Newsletter : The Daily Grind
The Daily Grind
This newsletter looks at the humble mortar and pestle. This simple tool dates back thousands of years - in fact, archaeologists have recently unearthed one 20,000-year-old set from a dig site in Israel. If you're like me, you'll struggle to remember which is which -- the mortar is the bowl, often made of hard wood or stone. The pestle is the club-shaped object, the end of which is used for crushing and grinding cooking ingredients.
As this simple tool spread around the world, each culture shaped it in different ways and used it for everyday tasks essential to its people. For example, the Aztecs and Mayans in Central and South America fashioned the mortar (molcajete) and pestle (tejolote) from black lava stone. The coarse texture was ideal for grinding herbs, garlic and chilies. Many Native American nations carved mortars out of the bedrock on the ground and used the depressions to grind acorns and other nuts. African nations traditionally fashion large wooden mortars by burning out the center with hot coals. They use long wooden pestles (a meter long!) to pound and grind yam and flour. In India, brass mortar and pestles are used to create blends of spices for everyday dishes.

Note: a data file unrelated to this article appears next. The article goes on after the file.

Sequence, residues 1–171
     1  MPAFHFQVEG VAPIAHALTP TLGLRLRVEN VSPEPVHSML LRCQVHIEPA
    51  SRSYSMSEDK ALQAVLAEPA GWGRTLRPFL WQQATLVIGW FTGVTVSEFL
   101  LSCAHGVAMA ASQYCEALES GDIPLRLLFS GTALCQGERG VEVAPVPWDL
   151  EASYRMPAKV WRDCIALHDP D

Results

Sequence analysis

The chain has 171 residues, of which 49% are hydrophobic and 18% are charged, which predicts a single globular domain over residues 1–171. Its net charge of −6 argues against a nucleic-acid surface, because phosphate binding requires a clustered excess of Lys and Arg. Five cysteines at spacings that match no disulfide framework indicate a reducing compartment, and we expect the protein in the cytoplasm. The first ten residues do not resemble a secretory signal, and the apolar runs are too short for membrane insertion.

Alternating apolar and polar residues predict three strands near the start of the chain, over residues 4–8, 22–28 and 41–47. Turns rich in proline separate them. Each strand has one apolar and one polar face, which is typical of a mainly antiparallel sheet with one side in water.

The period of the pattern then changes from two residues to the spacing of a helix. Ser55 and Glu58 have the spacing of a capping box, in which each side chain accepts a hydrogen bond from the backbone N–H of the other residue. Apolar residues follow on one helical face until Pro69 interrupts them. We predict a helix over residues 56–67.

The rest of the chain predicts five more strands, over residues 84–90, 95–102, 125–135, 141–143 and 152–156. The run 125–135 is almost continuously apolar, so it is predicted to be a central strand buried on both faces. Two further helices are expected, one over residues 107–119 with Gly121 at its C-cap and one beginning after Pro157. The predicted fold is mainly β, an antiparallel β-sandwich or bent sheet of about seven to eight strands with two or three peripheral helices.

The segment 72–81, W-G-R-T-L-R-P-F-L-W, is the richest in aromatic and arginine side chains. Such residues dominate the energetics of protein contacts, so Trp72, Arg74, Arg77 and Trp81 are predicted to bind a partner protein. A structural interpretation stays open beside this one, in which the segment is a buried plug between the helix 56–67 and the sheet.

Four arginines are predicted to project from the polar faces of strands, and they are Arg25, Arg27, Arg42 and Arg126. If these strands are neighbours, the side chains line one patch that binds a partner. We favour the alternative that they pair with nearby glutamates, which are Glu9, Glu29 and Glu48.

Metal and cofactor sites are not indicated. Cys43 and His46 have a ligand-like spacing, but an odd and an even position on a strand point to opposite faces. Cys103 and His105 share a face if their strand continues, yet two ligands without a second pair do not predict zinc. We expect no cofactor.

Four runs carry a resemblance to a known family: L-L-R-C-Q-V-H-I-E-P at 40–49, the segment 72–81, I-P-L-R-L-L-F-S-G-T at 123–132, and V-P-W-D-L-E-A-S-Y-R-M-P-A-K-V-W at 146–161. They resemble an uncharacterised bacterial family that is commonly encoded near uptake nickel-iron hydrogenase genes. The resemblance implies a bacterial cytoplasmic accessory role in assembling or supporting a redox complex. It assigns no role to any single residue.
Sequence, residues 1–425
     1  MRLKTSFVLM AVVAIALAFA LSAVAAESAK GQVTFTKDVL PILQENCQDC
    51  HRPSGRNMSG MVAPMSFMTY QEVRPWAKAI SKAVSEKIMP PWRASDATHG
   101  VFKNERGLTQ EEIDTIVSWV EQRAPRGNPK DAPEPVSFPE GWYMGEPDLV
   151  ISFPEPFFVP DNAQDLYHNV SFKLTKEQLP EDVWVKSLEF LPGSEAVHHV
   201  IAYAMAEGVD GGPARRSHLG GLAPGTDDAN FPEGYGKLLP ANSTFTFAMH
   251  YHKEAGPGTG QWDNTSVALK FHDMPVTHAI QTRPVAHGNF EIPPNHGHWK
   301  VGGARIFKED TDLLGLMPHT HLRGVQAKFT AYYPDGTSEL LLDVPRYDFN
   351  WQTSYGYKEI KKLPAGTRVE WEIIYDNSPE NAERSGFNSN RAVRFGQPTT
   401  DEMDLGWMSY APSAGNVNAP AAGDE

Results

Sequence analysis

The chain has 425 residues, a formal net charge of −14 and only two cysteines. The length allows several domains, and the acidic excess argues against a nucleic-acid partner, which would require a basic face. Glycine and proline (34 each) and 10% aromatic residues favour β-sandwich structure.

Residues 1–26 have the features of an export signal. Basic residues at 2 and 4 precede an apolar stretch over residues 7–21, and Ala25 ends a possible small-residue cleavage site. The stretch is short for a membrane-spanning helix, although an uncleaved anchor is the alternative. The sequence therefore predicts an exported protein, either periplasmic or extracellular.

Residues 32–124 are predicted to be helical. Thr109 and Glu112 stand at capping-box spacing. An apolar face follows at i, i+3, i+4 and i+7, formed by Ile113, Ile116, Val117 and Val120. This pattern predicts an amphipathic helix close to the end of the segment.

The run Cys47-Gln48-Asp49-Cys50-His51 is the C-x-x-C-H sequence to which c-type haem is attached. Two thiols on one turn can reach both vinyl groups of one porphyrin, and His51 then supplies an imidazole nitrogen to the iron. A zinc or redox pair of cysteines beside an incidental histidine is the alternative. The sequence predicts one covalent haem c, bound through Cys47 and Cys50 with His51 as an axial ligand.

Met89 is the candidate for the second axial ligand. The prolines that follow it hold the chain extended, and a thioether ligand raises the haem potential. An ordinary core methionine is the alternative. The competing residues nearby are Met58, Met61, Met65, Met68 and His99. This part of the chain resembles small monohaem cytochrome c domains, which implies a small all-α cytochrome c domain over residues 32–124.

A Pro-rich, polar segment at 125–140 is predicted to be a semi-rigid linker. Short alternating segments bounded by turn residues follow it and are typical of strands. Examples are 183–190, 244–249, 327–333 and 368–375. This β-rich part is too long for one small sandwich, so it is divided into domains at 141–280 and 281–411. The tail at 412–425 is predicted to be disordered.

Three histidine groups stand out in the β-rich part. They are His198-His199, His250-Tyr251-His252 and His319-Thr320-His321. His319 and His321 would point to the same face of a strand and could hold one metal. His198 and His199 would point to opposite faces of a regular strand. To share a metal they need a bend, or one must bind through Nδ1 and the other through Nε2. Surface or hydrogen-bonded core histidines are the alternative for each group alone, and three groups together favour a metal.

Some archaeologists have suggested that the mortar and pestle may have played a very important role in human history. By allowing humans to process rice and other grains into easily digestible meals, the mortar and pestle may have convinced ancient peoples to move away from traditional hunting lifestyles and take up agriculture. While we don't know this for sure, we can be certain that throughout history people have spent a large part of each day working with a pestle and mortar.
Nowadays, most of my friends have replaced the mortars and pestles in their kitchens with food processors. But I still keep my set so that I can make a fabulous dish - basil pesto. The simple reason is that pesto tastes so much better when the basil is crushed by a pestle - not cut by a food processor. Crushing seems to bring out the flavor of the basil. I'm including the recipe below in case you feel like making it at home. I promise you that pesto really is easy to make - and it tastes great when eaten with a plate of pasta.
And to finish this newsletter on the mortar and pestle, I'm leaving you with some examples of how to use the word 'grind' in everyday English.